If you’ve played the previous game in The Great Jitters series, then as soon as you start Pudding Panic you’ll probably think you’ve started that game by mistake – I know I did. The visuals are exactly the same and the viewing perspective is identical, as are the enemies. However, once you get into the gameplay, you’ll soon notice that things are a little bit different. Instead of getting as far as you can into a level, you’re tasked with just getting to the end, and you do that by swapping out bits of track for others that will allow you to move further into the level. You’ve got to be careful though, as some tracks will lead you directly into a collision course with enemies so you’ve got to be ready, at all times, to deal with that.

There a plenty of levels to keep people interested with, as well as plenty of enemies along the way that will keep even veteran gamers on their toes – especially if they’re playing on a smaller iOS device – but at the end if the day, there’s just nothing inherently interesting about the world of The Great Jitters. Ultimately it’s just a game that looks exactly like the game that came before it with a new gameplay mechanic tacked on top of it. If you really enjoyed Panic Ride, then you may enjoy Pudding Panic, but there won’t be much of a change for most people.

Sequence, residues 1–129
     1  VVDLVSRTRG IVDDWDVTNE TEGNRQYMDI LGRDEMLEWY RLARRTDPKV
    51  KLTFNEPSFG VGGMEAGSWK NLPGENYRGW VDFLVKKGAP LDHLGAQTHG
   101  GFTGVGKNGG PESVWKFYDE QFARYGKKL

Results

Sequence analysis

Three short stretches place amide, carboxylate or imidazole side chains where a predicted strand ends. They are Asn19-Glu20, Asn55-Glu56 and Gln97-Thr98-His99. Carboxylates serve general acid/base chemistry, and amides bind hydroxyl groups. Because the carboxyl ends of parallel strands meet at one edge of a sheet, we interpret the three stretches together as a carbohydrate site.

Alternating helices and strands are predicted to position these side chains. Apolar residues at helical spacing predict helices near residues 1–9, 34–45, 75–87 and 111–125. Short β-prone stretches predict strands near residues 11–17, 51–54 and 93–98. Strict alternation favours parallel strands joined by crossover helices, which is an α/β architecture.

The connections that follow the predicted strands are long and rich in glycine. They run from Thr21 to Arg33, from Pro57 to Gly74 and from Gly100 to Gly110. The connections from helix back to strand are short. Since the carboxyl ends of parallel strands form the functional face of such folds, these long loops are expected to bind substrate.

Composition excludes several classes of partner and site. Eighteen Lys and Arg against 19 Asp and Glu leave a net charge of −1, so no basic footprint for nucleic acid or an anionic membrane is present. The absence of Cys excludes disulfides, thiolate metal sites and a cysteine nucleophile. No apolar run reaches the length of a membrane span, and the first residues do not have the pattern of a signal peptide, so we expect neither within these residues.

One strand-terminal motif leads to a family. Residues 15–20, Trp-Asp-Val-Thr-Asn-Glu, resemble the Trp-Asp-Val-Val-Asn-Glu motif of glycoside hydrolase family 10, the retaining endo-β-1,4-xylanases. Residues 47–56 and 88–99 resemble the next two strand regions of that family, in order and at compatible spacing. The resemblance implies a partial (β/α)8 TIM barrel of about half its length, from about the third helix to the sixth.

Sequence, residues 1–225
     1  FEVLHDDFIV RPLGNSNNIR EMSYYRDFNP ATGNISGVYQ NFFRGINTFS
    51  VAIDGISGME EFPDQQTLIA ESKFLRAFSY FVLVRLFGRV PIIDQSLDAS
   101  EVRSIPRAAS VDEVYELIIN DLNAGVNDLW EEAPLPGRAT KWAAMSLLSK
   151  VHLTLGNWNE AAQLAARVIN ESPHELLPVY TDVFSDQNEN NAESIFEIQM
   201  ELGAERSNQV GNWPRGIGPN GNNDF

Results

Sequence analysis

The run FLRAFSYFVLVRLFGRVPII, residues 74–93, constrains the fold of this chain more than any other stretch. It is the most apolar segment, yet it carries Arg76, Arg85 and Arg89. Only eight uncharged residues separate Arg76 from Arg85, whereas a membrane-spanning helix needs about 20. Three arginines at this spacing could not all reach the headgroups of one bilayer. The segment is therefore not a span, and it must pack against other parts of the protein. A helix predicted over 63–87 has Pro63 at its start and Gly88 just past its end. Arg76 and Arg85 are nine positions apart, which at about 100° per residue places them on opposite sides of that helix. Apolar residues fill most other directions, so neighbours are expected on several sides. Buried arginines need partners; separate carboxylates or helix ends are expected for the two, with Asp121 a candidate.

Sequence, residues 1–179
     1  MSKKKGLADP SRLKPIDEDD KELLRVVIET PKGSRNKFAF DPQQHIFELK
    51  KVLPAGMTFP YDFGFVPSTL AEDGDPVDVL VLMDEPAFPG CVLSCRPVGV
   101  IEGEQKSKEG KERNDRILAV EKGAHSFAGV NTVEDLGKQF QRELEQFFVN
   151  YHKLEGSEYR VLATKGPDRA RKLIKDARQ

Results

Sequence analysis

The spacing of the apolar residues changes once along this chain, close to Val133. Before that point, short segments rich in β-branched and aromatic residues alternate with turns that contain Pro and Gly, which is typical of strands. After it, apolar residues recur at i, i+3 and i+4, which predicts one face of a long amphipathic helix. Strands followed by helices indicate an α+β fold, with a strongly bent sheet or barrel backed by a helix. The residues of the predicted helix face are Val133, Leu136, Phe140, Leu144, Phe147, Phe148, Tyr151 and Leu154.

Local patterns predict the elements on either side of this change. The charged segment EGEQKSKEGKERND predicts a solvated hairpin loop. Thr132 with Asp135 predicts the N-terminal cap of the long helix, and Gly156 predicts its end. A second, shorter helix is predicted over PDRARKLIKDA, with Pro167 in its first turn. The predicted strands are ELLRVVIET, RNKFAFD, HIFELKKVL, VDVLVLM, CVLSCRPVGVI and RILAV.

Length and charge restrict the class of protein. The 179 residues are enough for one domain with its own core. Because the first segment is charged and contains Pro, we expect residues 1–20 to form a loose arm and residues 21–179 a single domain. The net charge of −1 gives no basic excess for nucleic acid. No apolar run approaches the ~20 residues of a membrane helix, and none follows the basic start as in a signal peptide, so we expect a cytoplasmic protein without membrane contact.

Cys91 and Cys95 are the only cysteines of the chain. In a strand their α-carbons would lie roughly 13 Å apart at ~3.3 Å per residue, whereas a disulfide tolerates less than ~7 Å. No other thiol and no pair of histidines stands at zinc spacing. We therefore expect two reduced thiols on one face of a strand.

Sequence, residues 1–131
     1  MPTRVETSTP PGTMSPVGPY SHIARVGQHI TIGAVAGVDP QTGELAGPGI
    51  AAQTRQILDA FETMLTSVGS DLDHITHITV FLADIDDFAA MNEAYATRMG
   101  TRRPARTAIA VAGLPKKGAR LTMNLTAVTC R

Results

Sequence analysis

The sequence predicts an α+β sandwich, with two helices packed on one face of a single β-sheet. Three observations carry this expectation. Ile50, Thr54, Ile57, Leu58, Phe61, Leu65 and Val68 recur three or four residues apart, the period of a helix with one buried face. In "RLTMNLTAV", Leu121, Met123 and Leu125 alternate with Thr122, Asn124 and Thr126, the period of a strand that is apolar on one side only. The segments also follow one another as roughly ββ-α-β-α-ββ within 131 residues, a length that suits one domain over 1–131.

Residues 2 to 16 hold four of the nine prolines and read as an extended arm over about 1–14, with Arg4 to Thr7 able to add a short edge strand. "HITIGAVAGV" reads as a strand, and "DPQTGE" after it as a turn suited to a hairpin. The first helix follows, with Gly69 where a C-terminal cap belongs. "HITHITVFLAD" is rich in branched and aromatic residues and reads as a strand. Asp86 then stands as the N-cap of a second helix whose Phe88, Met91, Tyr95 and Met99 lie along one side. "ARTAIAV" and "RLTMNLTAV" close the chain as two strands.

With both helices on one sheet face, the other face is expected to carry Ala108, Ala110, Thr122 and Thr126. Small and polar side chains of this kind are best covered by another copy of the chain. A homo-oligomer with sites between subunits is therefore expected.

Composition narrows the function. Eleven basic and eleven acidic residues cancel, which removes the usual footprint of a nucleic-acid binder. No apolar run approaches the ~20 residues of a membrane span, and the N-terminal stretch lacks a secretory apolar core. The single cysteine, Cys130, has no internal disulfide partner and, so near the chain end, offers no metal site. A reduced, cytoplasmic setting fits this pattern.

As I mentioned, the game is a little bit difficult to play on smaller devices such as the iPhone and iPod Touch, simply because of the precision needed to place some of the tracks. On top of that, there are times that placing a track into the game will force you to cover up an incoming enemy with your finger, obscuring the fact that you’re heading straight into the danger zone – something that you may not be ready for.

The Great Jitters: Pudding Panic has an interesting aesthetic and some genuinely interesting gameplay mechanics; however, the developers have chosen to implement them into a previous game and release something that looks so similar that I wouldn’t be surprised if people got the two mixed up. If you haven’t played Panic Ride, and this is your first foray into the world of The Great Jitters, then it’s a good enough place to start. However, if you have played the previous game then there’s not enough here to bring you running back to the crazy jelly blob. The Great Jitters: Pudding Panic - kunst-stoff GmbH